AVEVA World Magazine

Pipeline 2008 #1

AVEVA World Magazine | Technology insights and customer successes with AVEVA software

Issue link: http://aveva.uberflip.com/i/146735

Contents of this Issue


Page 27 of 35

The Alvheim FPSO Designed for the North Sea by Aibel using AVEVA PDMS Steve Gibbons Principal Consultant – Oil & Gas, Industry Solutions, AVEVA The conversion of the shuttle tanker Odin to the FPSO Alvheim has been an important project for Aibel; AVEVA visited Aibel's Knut Storsveen in their Oslo office to find out more… The Alvheim development The fields that comprise the Alvheim development are on the Norwegian Continental Shelf close to the UK border, in water which is 125 metres deep. It consists of three principal oil and gas discoveries, and is operated by Marathon Petroleum Company (Norway) (65%) on behalf of ConocoPhillips (20%) and Lundin Petroleum (15%). Aibel experienced users of AVEVA PDMS Aibel is the result of the consolidation of several companies over many years. One of these original companies, Umoe Oil & Gas, had been an AVEVA PDMS user since 1998. Aibel's previous experience in the conversion of FPSOs includes Berge Charlotte, Berge Hus, Berge Helene, Chinguetti and Golfinho. The development comprises an FPSO for production, with oil exported by shuttle tanker, and gas via pipeline to the UK. Production from the Alvheim and Vilje (third party production) developments is expected to eventually reach 75,000 net barrels per day of oil equivalent (oil plus gas), with the Alvheim FPSO storing approximately 560,000 barrels of oil. The combined Alvheim development is estimated to contain resources of 200–250 million gross barrels of oil equivalent. The Alvheim conversion, however, has been a very important project for Aibel – it was the first FPSO conversion where the topsides were constructed and integrated in Norway (at Aibel's yard in Haugesund, on the west coast, between Bergen and Stavanger). It is also the first FPSO Aibel have constructed for use in the North Sea, where harsh conditions demand different construction standards and regulations from, for example, West Africa. Accurate as-built information essential For the process of integration (or merging) of the different components associated with the FPSO – specifically the topsides and the hull – accurate as-designed and as-built information was essential. Knut Storsveen System Integration Specialist, Aibel The Alvheim FPSO The Alvheim FPSO is a conversion of the multipurpose shuttle tanker, Odin, purchased from Statoil in 2004. The conversion consists of three main components: the hull upgrade, the topsides construction and integration, and the construction of the Turret Mooring and Swivel (TMS) system. The hull upgrade work was carried out by Keppel Offshore & Marine at their Keppel Shipyard in Singapore. The TMS system was provided by Advanced Production and Loading (APL) AS, Arendal, Norway. Aibel provided the engineering, procurement, construction, integration and completion contract for topside work on the FPSO. The work, including the design and construction of 12 modules, approximately 9,000 tonnes in total comprising production separators, gas compression and dehydration, water treatment and power generation systems, was mainly carried out in Oslo and Haugesund, Norway. Page 28 | AVEVA PIPELINE | 2008 Issue 1 Although it was built as recently as 2001, a 3D modelling system had not been used for the design of the Odin, nor were accurate as-built 2D drawings available. The as-built information therefore had to be obtained by surveying the vessel. The solution chosen was to laser-scan the existing deck structure of the Odin. The original laser-scanning being carried out in Stavanger. One interesting but unforeseen problem was that when the Odin was transported from Stavanger to dry dock in Singapore, the hull structure deflexed differently than when afloat and also expanded with the rise in temperature. These factors meant that later scanning carried out in Singapore, and the subsequent modelling from that data, did not match the modelling carried out from the Stavanger scanning. Consequently Aibel found the integration of the different models (including a PDMS model of the deck modifications created by Keppel) more difficult because of these inaccuracies. The scanning was carried out by Capnor AS, a two-man team taking 110 scans. After checking and registering, the scanned data was imported into Leica Geosystems HDS Cyclone software modules, before exporting to MicroStation, then into AVEVA PDMS using the ImPlant interface.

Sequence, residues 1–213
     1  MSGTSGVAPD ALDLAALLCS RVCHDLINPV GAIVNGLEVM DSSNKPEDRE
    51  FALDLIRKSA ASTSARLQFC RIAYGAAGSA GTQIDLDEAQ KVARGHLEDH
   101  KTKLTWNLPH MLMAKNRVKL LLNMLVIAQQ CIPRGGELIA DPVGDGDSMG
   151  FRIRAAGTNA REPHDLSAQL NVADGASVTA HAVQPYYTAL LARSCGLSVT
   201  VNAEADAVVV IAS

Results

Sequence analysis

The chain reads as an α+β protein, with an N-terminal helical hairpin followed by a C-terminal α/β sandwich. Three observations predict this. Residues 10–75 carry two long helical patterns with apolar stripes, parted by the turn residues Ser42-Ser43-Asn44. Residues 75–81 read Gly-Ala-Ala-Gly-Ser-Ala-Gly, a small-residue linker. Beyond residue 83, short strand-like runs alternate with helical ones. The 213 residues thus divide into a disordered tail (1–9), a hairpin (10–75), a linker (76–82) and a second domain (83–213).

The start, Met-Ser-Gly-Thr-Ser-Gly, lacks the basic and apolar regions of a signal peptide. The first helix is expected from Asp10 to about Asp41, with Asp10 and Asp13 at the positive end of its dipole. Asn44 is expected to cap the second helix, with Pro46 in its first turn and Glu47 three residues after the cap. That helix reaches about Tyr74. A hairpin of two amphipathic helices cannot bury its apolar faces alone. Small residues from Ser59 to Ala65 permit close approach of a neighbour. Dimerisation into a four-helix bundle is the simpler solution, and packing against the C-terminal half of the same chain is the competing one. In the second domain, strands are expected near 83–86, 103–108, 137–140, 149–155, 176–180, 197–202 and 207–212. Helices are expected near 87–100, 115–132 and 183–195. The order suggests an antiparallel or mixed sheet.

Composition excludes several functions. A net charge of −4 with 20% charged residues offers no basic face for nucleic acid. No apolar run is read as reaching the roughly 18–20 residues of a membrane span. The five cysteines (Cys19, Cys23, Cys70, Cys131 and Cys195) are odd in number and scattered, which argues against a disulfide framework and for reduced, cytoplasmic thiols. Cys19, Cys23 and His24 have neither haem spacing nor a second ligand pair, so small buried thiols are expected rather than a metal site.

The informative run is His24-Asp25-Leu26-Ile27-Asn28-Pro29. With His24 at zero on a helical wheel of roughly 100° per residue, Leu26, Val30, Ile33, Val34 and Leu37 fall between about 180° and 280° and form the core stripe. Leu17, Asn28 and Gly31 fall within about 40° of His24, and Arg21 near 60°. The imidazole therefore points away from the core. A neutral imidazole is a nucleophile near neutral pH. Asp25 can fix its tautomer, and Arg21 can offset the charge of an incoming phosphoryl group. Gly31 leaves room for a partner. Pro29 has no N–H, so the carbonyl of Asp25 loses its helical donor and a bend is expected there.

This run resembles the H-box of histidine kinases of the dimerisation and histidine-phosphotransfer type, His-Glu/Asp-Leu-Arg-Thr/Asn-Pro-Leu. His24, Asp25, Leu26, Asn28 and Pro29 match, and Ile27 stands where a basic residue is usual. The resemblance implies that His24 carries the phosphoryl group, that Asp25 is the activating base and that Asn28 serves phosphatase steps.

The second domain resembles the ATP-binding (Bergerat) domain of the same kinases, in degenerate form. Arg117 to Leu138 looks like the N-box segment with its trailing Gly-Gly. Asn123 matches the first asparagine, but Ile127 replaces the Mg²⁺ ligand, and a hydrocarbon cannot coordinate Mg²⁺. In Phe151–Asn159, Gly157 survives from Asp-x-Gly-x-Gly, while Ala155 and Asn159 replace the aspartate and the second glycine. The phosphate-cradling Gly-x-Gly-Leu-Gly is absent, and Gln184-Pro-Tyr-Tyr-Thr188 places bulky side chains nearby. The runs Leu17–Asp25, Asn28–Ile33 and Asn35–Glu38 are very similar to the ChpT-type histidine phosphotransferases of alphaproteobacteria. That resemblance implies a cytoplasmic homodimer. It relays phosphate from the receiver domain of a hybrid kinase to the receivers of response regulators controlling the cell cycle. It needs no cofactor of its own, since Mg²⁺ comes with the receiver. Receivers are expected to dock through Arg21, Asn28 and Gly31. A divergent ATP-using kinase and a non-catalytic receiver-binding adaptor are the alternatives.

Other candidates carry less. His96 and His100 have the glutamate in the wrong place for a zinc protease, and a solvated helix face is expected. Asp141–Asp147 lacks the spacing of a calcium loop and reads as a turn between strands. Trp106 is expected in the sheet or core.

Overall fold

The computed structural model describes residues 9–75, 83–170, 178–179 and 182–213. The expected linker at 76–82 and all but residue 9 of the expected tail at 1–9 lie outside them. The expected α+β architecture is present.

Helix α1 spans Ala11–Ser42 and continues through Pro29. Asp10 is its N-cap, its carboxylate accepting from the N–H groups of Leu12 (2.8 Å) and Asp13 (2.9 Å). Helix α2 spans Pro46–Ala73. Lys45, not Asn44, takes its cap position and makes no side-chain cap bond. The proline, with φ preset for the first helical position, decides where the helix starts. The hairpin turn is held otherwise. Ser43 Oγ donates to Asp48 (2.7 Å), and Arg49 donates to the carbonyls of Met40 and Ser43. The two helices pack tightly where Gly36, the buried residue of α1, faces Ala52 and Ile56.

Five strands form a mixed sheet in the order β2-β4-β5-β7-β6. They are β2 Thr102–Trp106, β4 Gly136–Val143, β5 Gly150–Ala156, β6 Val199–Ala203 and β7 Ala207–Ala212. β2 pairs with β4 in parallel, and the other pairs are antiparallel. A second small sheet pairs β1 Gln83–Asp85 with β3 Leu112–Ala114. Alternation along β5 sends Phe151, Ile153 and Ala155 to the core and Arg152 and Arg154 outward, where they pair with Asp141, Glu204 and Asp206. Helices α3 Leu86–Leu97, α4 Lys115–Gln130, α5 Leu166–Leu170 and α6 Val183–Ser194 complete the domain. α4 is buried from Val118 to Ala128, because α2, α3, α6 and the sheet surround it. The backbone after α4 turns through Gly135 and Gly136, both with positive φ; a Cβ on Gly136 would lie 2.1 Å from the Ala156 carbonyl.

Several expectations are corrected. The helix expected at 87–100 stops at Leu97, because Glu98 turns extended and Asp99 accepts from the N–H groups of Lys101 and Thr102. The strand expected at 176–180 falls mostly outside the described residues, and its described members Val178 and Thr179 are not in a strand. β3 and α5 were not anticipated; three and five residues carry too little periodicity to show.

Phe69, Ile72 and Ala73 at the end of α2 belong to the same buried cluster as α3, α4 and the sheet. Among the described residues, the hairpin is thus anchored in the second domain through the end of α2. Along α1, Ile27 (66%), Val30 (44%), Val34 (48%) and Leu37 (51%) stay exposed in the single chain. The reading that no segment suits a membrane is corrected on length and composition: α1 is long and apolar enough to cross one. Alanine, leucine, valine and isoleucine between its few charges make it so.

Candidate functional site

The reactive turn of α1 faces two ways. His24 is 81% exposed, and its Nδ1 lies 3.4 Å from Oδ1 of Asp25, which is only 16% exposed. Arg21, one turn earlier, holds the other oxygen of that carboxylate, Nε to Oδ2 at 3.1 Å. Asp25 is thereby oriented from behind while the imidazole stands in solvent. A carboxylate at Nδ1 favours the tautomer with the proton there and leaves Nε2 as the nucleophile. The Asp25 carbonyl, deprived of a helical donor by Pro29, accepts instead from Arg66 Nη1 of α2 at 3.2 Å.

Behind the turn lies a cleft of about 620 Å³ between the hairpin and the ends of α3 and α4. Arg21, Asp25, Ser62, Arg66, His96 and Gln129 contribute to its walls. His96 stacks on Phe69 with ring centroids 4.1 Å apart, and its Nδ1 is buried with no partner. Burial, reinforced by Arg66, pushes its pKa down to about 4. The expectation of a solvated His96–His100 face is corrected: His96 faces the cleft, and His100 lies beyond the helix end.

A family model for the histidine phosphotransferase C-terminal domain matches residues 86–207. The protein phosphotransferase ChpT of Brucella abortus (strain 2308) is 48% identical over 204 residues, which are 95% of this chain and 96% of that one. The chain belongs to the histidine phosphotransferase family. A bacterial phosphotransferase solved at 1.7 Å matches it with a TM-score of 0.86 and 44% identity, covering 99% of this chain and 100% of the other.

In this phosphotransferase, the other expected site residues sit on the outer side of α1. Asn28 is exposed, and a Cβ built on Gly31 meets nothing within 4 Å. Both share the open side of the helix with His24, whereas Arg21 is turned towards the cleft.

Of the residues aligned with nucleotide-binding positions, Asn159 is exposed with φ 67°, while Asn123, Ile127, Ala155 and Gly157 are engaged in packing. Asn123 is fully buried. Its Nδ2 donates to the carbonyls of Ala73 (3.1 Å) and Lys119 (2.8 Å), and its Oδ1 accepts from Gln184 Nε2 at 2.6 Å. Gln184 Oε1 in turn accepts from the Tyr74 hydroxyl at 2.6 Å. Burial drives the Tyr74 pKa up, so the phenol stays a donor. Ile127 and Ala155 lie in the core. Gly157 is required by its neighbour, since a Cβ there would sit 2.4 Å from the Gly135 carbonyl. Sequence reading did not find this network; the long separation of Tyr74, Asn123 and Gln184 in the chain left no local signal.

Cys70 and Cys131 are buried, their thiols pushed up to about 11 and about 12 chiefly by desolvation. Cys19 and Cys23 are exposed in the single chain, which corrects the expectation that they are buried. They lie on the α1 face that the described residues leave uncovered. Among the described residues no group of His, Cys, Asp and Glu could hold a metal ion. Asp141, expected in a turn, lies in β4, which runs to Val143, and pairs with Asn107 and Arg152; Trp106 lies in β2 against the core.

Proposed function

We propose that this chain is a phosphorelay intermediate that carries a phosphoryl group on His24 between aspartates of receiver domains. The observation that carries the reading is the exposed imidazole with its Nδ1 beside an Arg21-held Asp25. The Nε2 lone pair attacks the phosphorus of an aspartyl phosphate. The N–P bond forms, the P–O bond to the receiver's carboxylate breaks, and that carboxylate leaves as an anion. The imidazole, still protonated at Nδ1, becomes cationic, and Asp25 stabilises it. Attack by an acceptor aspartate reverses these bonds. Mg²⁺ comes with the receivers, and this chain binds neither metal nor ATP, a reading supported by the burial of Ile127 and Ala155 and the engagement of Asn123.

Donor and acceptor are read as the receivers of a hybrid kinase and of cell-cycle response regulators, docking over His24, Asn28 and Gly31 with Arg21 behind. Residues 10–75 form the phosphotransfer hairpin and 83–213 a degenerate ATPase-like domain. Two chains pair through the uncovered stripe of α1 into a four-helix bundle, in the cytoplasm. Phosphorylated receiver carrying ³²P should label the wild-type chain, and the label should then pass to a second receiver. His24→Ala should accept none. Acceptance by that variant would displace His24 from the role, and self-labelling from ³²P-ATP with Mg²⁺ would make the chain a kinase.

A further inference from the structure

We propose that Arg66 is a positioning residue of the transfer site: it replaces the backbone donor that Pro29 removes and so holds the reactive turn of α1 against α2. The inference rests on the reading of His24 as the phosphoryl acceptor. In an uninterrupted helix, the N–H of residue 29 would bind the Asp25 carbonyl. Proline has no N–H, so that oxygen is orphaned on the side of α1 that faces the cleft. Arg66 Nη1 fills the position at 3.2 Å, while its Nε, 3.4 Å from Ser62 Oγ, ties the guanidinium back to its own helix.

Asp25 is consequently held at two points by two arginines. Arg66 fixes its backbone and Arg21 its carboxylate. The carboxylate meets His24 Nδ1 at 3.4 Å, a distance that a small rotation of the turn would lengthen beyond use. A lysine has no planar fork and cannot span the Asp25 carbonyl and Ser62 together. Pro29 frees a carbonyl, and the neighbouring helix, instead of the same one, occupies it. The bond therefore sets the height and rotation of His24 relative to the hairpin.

Articles in this issue

Links on this page

view archives of AVEVA World Magazine - Pipeline 2008 #1